40 Percent of Pay TV Cord Cutters Would Pay More for A La CarteTuesday, September 20th, 2011
New Survey Identifies Pay TV Opportunity
BOSTON — Collectively, US Pay TV providers lost 400,000 subscribers in the second quarter–their single worst period in over three years. Cable TV took the brunt of the hit, though Satellite operators were not left unscathed. While much of the subscriber loss can be attributed to traditional economic churners–“deal seekers” looking for a cheaper price–the percentage of those who say they’re giving up on Pay TV altogether is not abating.
And those so-called “Cord Cutters” are not the low value/low revenue “fringe” customers they have been made out to be, according to new survey research just published by Strategy Analytics. The report, “Endless Fun? Pay TV, Cord Cutting, and Churn,” finds that Cord Cutters place a high value on content–and are three times more likely to report watching paid Video on Demand (VOD) than “traditional” economically- motivated churners.
“The Pay TV industry has gotten it wrong on the topic of cord cutting,” said Ben Piper, Director of the Strategy Analytics Multiplay Market Dynamics service and author of the report. “For the second consecutive year, our survey research clearly indicates that those who intend to cut the cord are high value, high-revenue customers–not the deadbeats they have been made out to be.”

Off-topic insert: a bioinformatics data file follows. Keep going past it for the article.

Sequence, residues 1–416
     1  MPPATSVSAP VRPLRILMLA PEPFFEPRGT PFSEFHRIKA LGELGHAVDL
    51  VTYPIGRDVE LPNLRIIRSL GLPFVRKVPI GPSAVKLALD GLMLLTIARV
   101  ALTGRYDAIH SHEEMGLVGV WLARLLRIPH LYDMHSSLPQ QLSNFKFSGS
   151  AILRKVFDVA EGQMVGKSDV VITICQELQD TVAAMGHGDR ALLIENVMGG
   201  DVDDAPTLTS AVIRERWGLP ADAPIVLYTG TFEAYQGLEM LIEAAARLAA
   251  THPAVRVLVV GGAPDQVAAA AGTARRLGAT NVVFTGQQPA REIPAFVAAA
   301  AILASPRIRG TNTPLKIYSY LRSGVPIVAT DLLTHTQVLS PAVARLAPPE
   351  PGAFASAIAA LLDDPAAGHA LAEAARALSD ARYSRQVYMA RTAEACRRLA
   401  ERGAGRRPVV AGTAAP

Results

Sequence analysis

Cord Cutters are motivated less by price, and more by control of content, according to the report; Service Providers should view this as an opportunity.
“Forty percent of Cord Cutters–compared to twenty percent of economic churners–said they would be willing to pay more than they currently do for Pay TV if it meant they could pick and choose content on an Ã la carte basis,” noted Piper. “Pay TV providers should view this as an opportunity to customize and repackage content offerings to this growing segment.”
The report draws upon survey work fielded in Q3’11 of 2,000 US households, and provides detailed profiles of each segment, as well as insights into their churn motivations and their attitudes and opinions towards content.